A New York woman is suing a local school district, alleging officials began treating her middle-school daughter as a boy without her knowledge or consent, and at the same time, hiding it from her.
Attorneys with Alliance Defending Freedom (ADF), a nonprofit religious rights law firm, are representing Jennifer Vitsaxaki. They filed a federal lawsuit Wednesday against the Skaneateles Central School District and the Skaneateles Central Schools’ Board of Education for its employees’ actions.
According to the complaint, Vitsaxaki had contacted the school when her daughter began struggling with anxiety and depression. She repeatedly asked school employees if they had noticed anything troubling her daughter. She was repeatedly reassured her daughter was fine.
However, while school officials kept telling Vitsaxaki that there was nothing to report, a school counselor was regularly meeting with her daughter and other girls who were the victims of ongoing bullying. The school district reportedly began treating Vitsaxaki’s daughter as if she were a boy, without telling her mother, just as it had done with several other girls in her grade, according to the lawsuit.
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ADF says the same counselor instructed school staff to treat Vitsaxaki’s daughter as though she were a boy by referring to her with a boy’s name and the third-person plural pronouns “they” and “them.”
Then, a school psychologist, who told school staff to keep their actions secret from the girl’s mother, reportedly began meeting with her daughter regularly without her knowledge. Yet no one informed Mrs. Vitsaxaki that the School District had made any of these decisions and taken all of these actions toward her daughter, the complaint said.
“For months, School District employees concealed this information about the well-being of Mrs. Vitsaxaki’s daughter—sensitive information about the girl’s struggles with gender,” the lawsuit said.
“Eventually, one staff member could no longer stomach the School District’s deception of Mrs. Vitsaxaki and urged the principal to come clean,” ADF attorneys wrote in the lawsuit. “When he finally did, Mrs. Vitsaxaki was shocked. She and her husband, Jane’s father, met with the School District. They directed the School District to stop taking any further action without their consent and sought open communication with the teachers to understand what had happened. But the principal told them School District policy required employees to deceive them, and despite assurances to the contrary, the deception continued.”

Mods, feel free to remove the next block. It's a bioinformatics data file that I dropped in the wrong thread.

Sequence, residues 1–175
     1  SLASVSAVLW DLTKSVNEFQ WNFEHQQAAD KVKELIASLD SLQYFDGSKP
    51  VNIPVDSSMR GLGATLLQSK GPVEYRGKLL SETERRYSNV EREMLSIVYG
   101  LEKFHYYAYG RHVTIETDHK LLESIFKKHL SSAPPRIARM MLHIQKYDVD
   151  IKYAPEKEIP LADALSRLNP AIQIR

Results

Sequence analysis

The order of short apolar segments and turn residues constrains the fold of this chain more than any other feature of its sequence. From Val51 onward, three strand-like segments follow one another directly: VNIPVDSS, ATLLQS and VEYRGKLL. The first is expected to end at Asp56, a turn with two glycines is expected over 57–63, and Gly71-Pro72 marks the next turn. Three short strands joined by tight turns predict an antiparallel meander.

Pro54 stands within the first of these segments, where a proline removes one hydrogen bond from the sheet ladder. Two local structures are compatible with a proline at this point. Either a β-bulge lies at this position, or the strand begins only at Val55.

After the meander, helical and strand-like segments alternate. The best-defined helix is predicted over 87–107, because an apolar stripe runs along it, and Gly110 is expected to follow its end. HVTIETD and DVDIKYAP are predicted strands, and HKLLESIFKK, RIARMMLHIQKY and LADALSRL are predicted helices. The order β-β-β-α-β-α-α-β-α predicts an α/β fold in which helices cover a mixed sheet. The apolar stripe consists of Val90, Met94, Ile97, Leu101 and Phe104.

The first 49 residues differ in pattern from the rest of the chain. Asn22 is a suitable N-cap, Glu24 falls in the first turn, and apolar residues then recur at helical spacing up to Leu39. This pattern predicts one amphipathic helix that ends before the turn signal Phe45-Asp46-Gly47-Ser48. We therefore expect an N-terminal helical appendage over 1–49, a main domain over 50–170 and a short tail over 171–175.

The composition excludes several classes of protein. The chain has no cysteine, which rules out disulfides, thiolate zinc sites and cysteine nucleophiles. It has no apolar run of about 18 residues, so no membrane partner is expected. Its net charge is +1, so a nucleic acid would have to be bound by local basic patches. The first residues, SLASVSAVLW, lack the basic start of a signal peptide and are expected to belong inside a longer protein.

By socially transitioning Mrs. Vitsaxaki’s daughter without her consent and by concealing vital information about her daughter’s health and well-being, the district violated Mrs. Vitsaxaki’s fundamental parental rights and her deeply held religious beliefs, the ADF said. The nonprofit law firm noted the U.S. Constitution protects her right as a parent to make decisions about the upbringing, education, and health care of her children.
“Parents, not the government, have the right to direct the upbringing, education, and health care of their children,” ADF Senior Counsel Kate Anderson, director of ADF’s Center for Parental Rights, said in a statement. “Parents should be able to drop their kids off at school without fear that school staff will conceal critical information or cut them out of weighty decisions with the potential for life-long impact on their kids.”
“The Skaneateles Central School District policy in this lawsuit betrays the trust of parents like Mrs. Vitsaxaki and violates their fundamental rights. Not only that, it violates Mrs. Vitsaxaki’s right to exercise her Christian faith by raising her daughter consistent with her sincerely held religious beliefs about human nature, gender, and identity, among other topics,” Anderson continued.
“Because school officials concealed their actions from Mrs. Vitsaxaki, they prevented her from helping her daughter at a time she needed her mother’s loving guidance most. Schools shouldn’t hide important information from parents like Mrs. Vitsaxaki,” she added.
ADF attorneys filed the lawsuit, Vitsaxaki v. Skaneateles Central School District, in the U.S. District Court for the Northern District of New York, Syracuse Division.
CBN News has reached out to District Superintendent Eric Knuth for comment. We’ll post it here if we hear back.